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Tibet: State and Society


Admission requirements



Seminar on the social and political history of Tibet which focuses on the period of the twentieth and twenty-first centuries, and in light of the historical background which informs current debates. After an introduction to the integral socio-political history of the Tibetans, the course primarily addresses the main issues pertinent to the recent and present-day situation of the Tibetan people and their culture, both within the Tibet Autonomous Region (TAR) of the People’s Republic of China, and within the numerous communities of Tibetans in exile. The course, with a midterm written exam and a final essay, will also involve considerable active participation of the students in the form of presentation and discussion.

The topics of the sessions in this seminar:

1 Introduction / Geography and its implications for Tibetan society 2 Socio-Political history 620s-1500 3 Socio-Political history 1500-1950s 4 Socio-Political history 1950s-present 5 The Independence debate 6 Guest lecture: Dr. L. Black: International Politics perspective 7 The “100 Questions” 8 From Songs to Blogs (traditional and contemporary critique and criticism) 9 Societal shifts and changes in TAR and exile 10 Cultural Continuation and Innovation in TAR and exile 11 The myth / image of Tibet and its deconstruction 12 Conclusion / summary

Course objectives

  • Develop critical and multifaceted sophistication regarding various perspectives on the social and political history of Tibet, with emphasis on the period from the beginning of the twentieth century to the present day.

  • Skills in the oral and written presentation of the acquired awareness and insights.


Visit MyTimetable.

Mode of instruction

  • Seminar

Attendance and active participation are obligatory for seminars. Students are required to prepare for and attend all sessions. The convenors need to be informed without delay of any classes missed for a good reason (i.e. due to unforeseen circumstances such as illness, family issues, problems with residence permits, the Dutch railways in winter, etc.). In these cases it is up to the discretion of the convener(s) of the course whether or not the missed class will have to be made up with an extra assignment. The maximum of such absences during a semester is two. Being absent without notification and/or more than two times can result in exclusion from the term end exams and a failing grade for the course

Assessment method


Midterm written examination, final essay and presentation, abstract.


  • midterm written examination with short questions: 20 %

  • final essay: 60 %

  • presentation, abstract: 20 %


In order to pass the course, students must obtain an an overall mark of 5.50 (=6) or higher.

The course is an integrated whole. The final examination and the assignments must be completed in the same academic year. No partial marks can be carried over into following years.

Inspection and feedback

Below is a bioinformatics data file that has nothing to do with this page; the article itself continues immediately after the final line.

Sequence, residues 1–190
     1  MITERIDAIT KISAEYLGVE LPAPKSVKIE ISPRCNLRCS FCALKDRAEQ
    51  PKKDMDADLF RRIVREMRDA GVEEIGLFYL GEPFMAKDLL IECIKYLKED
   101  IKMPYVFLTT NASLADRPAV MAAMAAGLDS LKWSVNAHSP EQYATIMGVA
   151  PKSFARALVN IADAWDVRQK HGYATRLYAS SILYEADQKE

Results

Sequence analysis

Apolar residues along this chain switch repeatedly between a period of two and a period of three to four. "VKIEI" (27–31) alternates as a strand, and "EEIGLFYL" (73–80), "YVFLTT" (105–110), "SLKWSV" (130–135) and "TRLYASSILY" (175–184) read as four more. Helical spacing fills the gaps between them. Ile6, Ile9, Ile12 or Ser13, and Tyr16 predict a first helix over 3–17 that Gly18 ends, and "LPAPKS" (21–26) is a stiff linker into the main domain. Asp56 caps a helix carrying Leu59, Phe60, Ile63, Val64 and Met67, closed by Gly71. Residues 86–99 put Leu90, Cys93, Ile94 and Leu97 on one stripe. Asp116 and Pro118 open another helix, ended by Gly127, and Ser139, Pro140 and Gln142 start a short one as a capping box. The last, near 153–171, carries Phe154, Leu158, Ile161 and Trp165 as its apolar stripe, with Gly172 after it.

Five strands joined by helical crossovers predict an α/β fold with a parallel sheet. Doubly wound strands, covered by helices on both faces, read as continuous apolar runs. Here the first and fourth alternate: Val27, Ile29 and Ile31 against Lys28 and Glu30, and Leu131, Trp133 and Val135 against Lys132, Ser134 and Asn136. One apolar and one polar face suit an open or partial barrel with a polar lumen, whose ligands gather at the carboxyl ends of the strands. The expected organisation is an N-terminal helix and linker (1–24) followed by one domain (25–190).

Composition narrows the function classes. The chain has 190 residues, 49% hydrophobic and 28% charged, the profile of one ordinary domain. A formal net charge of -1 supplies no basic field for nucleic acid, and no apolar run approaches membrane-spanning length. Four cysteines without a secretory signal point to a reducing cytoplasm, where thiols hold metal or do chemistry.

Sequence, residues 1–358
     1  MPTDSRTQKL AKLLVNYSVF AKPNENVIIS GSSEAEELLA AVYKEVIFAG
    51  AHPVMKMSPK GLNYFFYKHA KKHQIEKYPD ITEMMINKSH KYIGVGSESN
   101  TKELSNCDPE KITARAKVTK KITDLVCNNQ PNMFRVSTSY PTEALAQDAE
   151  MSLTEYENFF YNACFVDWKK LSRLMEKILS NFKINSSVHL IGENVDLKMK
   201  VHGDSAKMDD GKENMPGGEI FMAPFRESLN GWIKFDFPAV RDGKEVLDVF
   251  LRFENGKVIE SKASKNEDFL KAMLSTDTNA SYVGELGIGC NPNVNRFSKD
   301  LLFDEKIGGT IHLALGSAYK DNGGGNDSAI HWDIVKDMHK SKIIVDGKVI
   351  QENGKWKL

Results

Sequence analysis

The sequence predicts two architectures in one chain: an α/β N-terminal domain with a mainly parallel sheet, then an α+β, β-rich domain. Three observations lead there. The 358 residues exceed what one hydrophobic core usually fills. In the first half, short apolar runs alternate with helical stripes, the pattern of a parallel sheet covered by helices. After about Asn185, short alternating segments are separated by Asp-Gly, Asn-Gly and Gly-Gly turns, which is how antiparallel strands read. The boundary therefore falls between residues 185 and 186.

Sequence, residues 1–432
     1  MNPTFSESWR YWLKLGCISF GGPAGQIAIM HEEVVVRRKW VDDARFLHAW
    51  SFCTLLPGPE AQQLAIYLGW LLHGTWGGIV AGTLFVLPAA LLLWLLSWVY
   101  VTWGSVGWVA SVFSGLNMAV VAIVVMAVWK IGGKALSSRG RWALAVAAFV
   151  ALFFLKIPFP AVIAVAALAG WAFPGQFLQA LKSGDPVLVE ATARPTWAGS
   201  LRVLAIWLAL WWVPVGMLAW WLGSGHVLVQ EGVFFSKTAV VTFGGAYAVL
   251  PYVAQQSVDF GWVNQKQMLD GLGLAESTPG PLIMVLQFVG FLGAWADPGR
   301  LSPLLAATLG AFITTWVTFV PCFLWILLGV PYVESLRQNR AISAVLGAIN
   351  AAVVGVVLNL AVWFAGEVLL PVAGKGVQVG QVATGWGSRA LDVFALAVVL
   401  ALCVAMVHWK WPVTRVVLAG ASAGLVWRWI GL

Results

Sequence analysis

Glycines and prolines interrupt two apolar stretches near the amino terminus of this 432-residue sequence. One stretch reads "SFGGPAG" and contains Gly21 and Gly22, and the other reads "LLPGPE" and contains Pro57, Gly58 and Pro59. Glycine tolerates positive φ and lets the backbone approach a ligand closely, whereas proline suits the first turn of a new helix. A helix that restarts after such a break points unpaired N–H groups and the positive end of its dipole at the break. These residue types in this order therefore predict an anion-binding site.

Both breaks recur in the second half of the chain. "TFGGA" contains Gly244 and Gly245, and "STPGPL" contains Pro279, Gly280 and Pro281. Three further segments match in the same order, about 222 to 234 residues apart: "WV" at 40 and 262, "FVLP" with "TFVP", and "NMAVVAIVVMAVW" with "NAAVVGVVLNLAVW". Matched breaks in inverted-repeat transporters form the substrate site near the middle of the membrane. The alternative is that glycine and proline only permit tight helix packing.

If a student requests an exam review (first sit or resit) within 30 days after publication of the exam results, such a review will be organized.

Reading list

  • Blondeau, A. & Buffetrille, K. (eds), Authenticating Tibet: Answers to China’s 100 QUESTIONS, Berkeley 2008.

  • Shakya, Tsering., The Dragon in the Land of Snows: A History of Modern Tibet since 1947. London: 1999.

  • Further materials to be made available on Blackboard


Students of the BA program South and South East Asia Studies are required to register through uSis before August/January 15. To avoid mistakes and problems, students are strongly advised to register in uSis through the activity number which can be found in the timetable in the column under the heading “Act.nbr.”.

Other students are requested to send an email to the study co-ordinator including their name, student ID number, course title and prospectus or catalog number. Depending on the availability of places, the study co-ordinator will register these students after August/January 15. By September/February 1 at the latest the student will be able to see in uSis whether (s)he is registered or not.

Not registered, means no permission to attend this course. See also the ‘Registration procedures for classes and examinations’ for registration deadlines and more information on how to register.

Registration Studeren à la carte and Contractonderwijs

Not applicable.


Dhr. P.C. Verhagen


Students with disabilities

The university is committed to supporting and accommodating students with disabilities as stated in the university protocol (especially pages 3-5). Students should contact Fenestra Disability Centre at least four weeks before the start of their courses to ensure that all necessary academic accommodations can be made in time conform the abovementioned protocol.

Academic Integrity

Students are expected to be familiar with Leiden University policies on plagiarism and academic integrity. Plagiarism will not be tolerated. If you submit any work with your name affixed to it, it is assumed to be your own work with all sources used properly indicated and documented in the text (with quotations and/or citations).